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Deficient science hurts vicious dog law appeal


Columbus, Ohio — Lack of science supporting the case that aggression is not a breed-specific behavior damages the profession's attempts to remove the term "Pit Bull" from dangerous dog legislation.

COLUMBUS, OHIO — Lack of science supporting the case that aggression is not a breed-specific behavior damages the profession's attempts to remove the term "Pit Bull" from dangerous dog legislation.

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The deficiency is plaguing the Ohio Veterinary Medical Association's (OVMA) efforts to rewrite state law, which defines Pit Bulls as a dangerous breed. Last year, Ohio Supreme Court justices deemed Ohio Revised Code (ORC) 955.22 unconstitutional on grounds it violates owners' rights to appeal vicious dog convictions. While the technicality opens the 1987 law to revision, OVMA's efforts take on dog wardens who want the Pit Bull distinction to remain.

Removing the designation proves a "hard argument to make," OVMA Executive Director Jack Advent says.

"The OVMA joins the AVMA (American Veterinary Medical Association) in opposing breed discrimination language in Ohio law," he says. "Yet without hardcore scientific data, it's difficult to make this a forceful case. Our position is based on an anecdotal professional expertise. Hardcore data and studies would diffuse some of the arguments dog wardens make."

Other side

The clash on breed specifics has led dog wardens to cease talks with OVMA and begin work on writing a competing bill. Neither side, at presstime, had introduced legislation, but warden Tom Skeldon, of Toledo, says a showdown at the state Capitol is eminent.

Dangerous Animal Legislation

Skeldon, who represents the Ohio County Dog Wardens Association, says he understands the term "Pit Bull" is not a breed but a generic descriptive for certain types of terriers. ORC 955.22 deems all Pit Bull-like dogs dangerous until proven otherwise by owners, and Skeldon sees an advantage to having the distinction remain.

"You have to accept that there have been more fatalities due to Pit Bulls than any other type of dog, and numbers are on the rise," he says.

Numbers game

Skeldon reports a 20-percent increase since 1994 in the number of Pit Bulls seized in Lucas County, which incorporates Toledo. In dogfight investigations, 95 percent of the animals involved are Pit Bulls, he says, adding, "I think these numbers show the danger of these animals."

Compared to Centers for Disease Control and Prevention (CDC) data, Skeldon's numbers might not seem far off. According to the agency's most recent report on dog bites, Pit Bull-types ranked first in number of human dog-bite related fatalities in the United States, totaling 60 between 1979 and 1996. Rottweilers came in a distant second at just 29 reported cases.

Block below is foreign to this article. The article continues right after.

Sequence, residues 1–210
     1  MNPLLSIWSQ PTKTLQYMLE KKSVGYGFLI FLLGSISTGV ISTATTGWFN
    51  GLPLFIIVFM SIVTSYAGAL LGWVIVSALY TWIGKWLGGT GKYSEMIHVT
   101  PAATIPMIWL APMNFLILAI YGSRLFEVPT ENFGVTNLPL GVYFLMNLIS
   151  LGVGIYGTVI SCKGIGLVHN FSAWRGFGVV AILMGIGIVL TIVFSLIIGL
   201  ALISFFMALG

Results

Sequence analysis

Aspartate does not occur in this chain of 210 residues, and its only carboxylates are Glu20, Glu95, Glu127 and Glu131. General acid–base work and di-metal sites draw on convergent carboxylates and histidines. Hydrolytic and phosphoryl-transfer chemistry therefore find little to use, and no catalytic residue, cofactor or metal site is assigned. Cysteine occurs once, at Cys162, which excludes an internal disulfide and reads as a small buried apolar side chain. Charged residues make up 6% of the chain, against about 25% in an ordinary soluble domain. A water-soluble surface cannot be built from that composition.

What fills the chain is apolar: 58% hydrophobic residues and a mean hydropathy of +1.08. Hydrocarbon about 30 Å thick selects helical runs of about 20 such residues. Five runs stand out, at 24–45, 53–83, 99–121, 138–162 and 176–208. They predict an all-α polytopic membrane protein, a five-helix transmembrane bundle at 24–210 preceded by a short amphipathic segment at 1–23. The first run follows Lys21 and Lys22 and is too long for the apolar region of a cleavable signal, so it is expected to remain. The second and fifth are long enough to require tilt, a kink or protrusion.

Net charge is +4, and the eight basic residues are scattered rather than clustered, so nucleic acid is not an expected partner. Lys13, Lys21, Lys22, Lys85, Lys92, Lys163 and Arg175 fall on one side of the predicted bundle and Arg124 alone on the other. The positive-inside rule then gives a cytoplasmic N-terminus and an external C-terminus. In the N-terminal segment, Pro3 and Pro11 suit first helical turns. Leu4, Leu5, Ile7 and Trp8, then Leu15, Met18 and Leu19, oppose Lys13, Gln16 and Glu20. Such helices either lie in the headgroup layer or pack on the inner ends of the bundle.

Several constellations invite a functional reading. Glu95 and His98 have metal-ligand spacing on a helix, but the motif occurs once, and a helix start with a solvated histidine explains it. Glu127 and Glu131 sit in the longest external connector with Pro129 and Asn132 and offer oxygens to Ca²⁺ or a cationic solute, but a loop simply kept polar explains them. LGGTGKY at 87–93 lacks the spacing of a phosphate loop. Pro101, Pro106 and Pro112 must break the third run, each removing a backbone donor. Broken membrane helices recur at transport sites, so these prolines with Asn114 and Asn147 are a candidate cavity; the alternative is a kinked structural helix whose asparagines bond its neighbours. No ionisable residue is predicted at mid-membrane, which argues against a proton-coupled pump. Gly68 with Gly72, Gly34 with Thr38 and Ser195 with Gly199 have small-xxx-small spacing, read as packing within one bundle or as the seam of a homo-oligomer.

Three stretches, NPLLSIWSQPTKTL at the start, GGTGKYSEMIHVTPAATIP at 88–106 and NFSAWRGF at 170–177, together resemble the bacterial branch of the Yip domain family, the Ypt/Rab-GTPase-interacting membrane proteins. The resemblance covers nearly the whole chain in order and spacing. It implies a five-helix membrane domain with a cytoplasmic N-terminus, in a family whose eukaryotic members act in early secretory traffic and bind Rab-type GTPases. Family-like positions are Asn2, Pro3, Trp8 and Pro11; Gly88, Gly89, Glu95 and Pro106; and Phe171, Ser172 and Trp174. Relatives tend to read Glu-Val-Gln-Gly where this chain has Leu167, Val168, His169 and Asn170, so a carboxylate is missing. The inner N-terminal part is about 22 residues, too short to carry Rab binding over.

Dr. Gail Golab

Lack of ammo

Faced with those numbers, the ability to tout studies on breed specifics as related to attacks could aid OVMA in its cause, Advent says.

Dr. Gail Golab, AVMA assistant director of professional and public affairs, acknowledges work on genetics-based aggression is scarce. Such studies are tough to conduct, she says.

"The lack of scientific data is an argument, but I'm honestly not sure how you would design a study like that; there are too many confounding factors," she says. "Plus, there's no evidence to suggest that aggression is breed specific. If you're going to look at raw numbers on fatal attacks, the breed that comes to the top of the list changes over time, which suggests a strong owner component to this."

Pressing onward

Due to the Ohio Supreme Court's demand that the law be rewritten, there's no time to wait for science, Advent says. OVMA supports a final draft of legislation scheduled for introduction by state Rep. Katherine Walcher in April.

The topic has proved popular among association members, who quietly debated the issue in conference rooms during the recent Midwest Veterinary Conference in Columbus. Since then, Advent says he's received calls from members concerning the association's stance.

"When this issue first came up, I thought I had something to debate only to find out the data wasn't as solid as I thought," he says. "Targeting Pit Bulls is oversimplifying the issue, but not having the science to prove it was a real wake-up call for me."

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